Meat and poultry hygiene focus of int conference
Meat and poultry hygiene focus of international conference
Risk management in the production of meat and poultry will be the topic under discussion at a major international committee hosted by the New Zealand Food Safety Authority in Wellington next week.
About 100 international government delegates and industry representatives from countries as diverse as Botswana and Belgium will descend on Wellington between 17 and 21 February for the ninth session of the Codex Committee on Meat and Poultry Hygiene. The meeting is being held at the Duxton Hotel.
The committee is part of the Codex Alimentarus Commission – an international agency set up by the Food and Agriculture Organisation (FAO) and the World Health Organisation (WHO). The committee is chaired by NZFSA Executive Director Dr Andrew McKenzie.
Codex aims to protect the health of consumers and promote fair practices in the food trade by setting international food standards for commodities such as fruit, fish, meat and dairy production as well as guidelines for related processes. These guidelines include food safety risk analysis, labelling, inspection and certification.
“The aim of this Committee is to provide member countries with a revised Code that will enhance and establish general principles of food hygiene for meat with the intention of protecting consumers and ensuring fair practices in food trade,” Dr McKenzie says.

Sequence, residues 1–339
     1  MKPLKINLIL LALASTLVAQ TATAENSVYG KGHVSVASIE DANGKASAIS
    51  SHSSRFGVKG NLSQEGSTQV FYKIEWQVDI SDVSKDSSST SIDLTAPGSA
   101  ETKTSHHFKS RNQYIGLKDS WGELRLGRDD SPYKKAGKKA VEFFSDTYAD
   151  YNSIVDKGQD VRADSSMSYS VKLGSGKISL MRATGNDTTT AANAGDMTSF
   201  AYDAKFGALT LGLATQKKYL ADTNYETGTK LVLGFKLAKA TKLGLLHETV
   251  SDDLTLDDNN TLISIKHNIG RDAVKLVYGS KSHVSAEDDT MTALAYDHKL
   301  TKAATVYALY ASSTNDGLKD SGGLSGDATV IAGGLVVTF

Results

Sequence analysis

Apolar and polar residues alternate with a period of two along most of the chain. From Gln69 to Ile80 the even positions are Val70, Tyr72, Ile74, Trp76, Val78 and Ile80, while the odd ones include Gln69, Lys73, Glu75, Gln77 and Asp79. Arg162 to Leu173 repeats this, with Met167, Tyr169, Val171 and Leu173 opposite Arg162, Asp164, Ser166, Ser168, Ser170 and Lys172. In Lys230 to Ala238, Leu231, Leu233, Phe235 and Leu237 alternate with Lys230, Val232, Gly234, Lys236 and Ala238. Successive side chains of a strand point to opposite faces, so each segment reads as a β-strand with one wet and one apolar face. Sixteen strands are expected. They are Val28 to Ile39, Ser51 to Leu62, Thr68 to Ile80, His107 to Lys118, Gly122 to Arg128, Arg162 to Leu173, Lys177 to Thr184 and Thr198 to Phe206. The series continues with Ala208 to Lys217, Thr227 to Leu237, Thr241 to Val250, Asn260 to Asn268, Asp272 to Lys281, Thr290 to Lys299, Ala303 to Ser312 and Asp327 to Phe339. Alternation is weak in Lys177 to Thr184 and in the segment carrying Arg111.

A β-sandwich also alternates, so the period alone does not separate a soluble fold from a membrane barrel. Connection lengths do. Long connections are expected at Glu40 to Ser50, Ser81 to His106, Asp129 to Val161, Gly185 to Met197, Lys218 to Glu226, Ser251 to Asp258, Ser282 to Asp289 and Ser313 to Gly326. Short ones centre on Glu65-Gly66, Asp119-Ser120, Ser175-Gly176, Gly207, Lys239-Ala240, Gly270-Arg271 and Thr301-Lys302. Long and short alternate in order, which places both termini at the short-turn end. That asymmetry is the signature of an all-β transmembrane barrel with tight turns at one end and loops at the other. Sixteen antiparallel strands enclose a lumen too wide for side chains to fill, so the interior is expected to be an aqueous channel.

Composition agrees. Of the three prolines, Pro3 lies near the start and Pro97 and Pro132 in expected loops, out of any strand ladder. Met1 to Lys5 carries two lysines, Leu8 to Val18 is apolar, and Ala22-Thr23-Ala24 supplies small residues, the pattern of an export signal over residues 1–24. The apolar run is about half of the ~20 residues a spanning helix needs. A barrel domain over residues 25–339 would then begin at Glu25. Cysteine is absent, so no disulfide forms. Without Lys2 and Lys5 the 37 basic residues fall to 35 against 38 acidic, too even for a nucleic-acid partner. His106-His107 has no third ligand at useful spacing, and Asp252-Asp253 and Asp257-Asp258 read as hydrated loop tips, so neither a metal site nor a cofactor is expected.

“After last year’s Codex Committee on Meat and Poultry Hygiene, New Zealand led a working group to review the existing codes of practice. Having completed that it is now time to go back to the Committee to hear their views,” Dr McKenzie says.
“This is an important meeting as New Zealand has been one of the countries leading the way towards a more flexible outcome-focused meat hygiene system rather than the more prescriptive process-driven approach favoured previously.”
“The adoption of Codex principles
will mean export trade will be simplified as replication of
compliance processes and costs will be reduced for countries
engaged in international